Welcome to the Waco Insider

At the beginning of 2020, Waco was cooler and more hip than … well … ever.

If you were lucky, you might get a selfie with Renee Zellweger while her boyfriend Doyle Bramhall II was playing a gig at The Backyard. Or if you stopped into a local HEB grocery store to grab a few things on a Saturday morning, it wasn’t unusual to see Joanna Gaines in the checkout line next to yours.

Each weekend, tens of thousands of visitors could choose from a healthy selection of specialty retail shops, craft beer breweries, an award-winning whiskey distillery, and local arts, food, and music scenes punching above their weight.

It wasn’t always that way — and for much of 2020 it was certainly not the case — but, fingers crossed, 2021 looks to be a rebound year.


A low-level academic conference originally brought me to Waco in the mid-’90s. I stayed in a corner room at the Hilton for a couple of nights and attended pop culture panel discussions at the Waco Convention Center next door. The only other place nearby open on that trip was Buzzard Billy’s, a Cajun-esque restaurant catty corner from the hotel and long since moved across the Brazos River and next to I-35.

More unexpected was the rest of downtown: dark, cavernous, and empty. Driving down its streets past forlorn buildings and their boarded-up windows was a scene I could imagine in Rust Belt cities but not Central Texas. My lingering question was: What happened here?

I didn’t stick around to find the answer. Sunday came, the conference wound down, and as I headed out of town, for the first time I paid over $10 for a twelve-pack of beer, Miller Lite if memory serves.


I moved to Waco in 2000 for an entry-level teaching job at the local technical college. Hired a week into the fall semester, I spent my first week at a Motel 6 in North Waco, teaching in the mornings and looking for a house to rent every afternoon.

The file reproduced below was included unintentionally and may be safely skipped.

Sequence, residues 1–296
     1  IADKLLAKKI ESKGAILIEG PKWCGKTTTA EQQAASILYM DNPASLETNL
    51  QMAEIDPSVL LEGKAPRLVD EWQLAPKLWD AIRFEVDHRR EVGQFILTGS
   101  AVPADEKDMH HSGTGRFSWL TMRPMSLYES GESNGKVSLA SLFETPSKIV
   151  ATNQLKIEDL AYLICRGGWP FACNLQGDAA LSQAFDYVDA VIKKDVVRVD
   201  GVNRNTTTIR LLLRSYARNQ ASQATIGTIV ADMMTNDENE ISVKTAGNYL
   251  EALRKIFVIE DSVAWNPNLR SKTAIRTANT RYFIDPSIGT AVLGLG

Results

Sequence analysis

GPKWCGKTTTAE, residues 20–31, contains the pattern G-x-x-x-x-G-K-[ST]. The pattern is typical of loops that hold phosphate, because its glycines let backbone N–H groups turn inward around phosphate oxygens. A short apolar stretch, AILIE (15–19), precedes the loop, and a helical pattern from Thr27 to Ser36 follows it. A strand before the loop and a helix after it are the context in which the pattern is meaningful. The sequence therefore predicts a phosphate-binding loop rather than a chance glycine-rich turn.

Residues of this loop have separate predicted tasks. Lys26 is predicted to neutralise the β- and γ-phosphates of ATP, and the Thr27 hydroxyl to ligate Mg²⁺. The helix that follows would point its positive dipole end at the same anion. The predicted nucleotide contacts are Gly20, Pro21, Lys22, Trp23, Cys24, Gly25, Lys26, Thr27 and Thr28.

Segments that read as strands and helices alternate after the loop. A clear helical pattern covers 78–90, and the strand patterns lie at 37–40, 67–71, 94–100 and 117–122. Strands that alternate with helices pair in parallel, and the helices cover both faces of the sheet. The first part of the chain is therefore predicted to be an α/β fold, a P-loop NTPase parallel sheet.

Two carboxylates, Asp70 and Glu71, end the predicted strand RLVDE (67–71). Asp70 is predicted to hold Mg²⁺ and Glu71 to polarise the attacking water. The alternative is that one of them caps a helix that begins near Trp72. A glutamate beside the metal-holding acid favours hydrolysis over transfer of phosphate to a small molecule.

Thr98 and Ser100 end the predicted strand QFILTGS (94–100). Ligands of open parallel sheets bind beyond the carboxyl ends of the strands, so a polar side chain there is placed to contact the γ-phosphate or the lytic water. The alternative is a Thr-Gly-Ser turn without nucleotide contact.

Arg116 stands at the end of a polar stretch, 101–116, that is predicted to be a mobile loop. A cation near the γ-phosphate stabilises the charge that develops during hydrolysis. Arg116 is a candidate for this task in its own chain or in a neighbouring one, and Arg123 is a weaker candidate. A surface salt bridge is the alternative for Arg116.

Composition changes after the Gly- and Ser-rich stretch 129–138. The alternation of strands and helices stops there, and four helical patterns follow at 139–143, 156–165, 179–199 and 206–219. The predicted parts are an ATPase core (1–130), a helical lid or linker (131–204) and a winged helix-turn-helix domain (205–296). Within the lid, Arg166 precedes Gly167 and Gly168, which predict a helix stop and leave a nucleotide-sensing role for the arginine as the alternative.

I quickly discovered the schizophrenic nature of Waco real estate: Any given street could have one block that looked fine while the next had you pressing down on the accelerator to make a quick getaway. Or a house that on its own was nice enough was next door to a place with a horse trailer half-full of dirty baby diapers backed up to the front door.

As years passed, I learned other essential aspects of Waco life including the fact that streets change names without warning one, two, three, or more times as they snake across town. Every year an unassuming house across from the old Hillcrest Hospital is home to one of the country’s most extreme Christmas displays. And as any good Wacoan will tell you: The best french fries in town are at Kitok — and they’re not even made with potatoes. Trust me on this.


Waco became more than a perpetual waystation for me, however, after I helped out local historian Bradley Turner on a couple of book projects, one of which was a collection of social history essays called Lust, Violence, Religion: Life in Historic Waco.

I learned that in the 1950s Austin and Waco were about the same size — roughly 50,000 people — but they subsequently followed two divergent paths. Austin embraced growth and liberal sensibilities while Waco’s conservative powers-that-be were determined to have things stay exactly the way they were.

The result? Austin is Austin: a sprawling, ever-growing metropolis pushing one million people. For its part, Waco’s population remained hung up just north of 100,000 for years, and white flight to outlying communities such as China Spring and Robinson left behind a decaying urban core. This has only recently begun to change thanks to new investments in — condemned by some people as the gentrification of — Waco’s downtown and the historically Black Elm Street business district across the Brazos from it.

Beyond changing demographics, Waco is a product of its internal contradictions and history. In the late 19th century, for example, Baylor University existed next door to Waco’s Reservation, where legalized prostitution flourished until World War I. A string of lynchings, murders, and shootouts stretch across 120 years, and a 1953 tornado ripped through downtown, killing 114 people. All this contributed to Waco’s two steps forward, one-and-a-half steps back reputation.


I went to grad school in a North Texas liberal arts college town with a big city feel and thought Waco would be much the same. I also figured I’d be gone in a few years to another job a rung or two up the academic ladder. I was wrong on both counts: Waco remains more like a big small town than a small city, and I’m still here.

I’ve discovered that Waco, like every city, has at least three ongoing stories: What visitors experience, residents’ daily lives, and the events leading up to the present day. These often seem to have little or no connection, but they are inextricably intertwined.

Exploring these three narratives and how they fit together — especially as Waco recovers from 2020’s step backward — is the Waco Insider’s mission.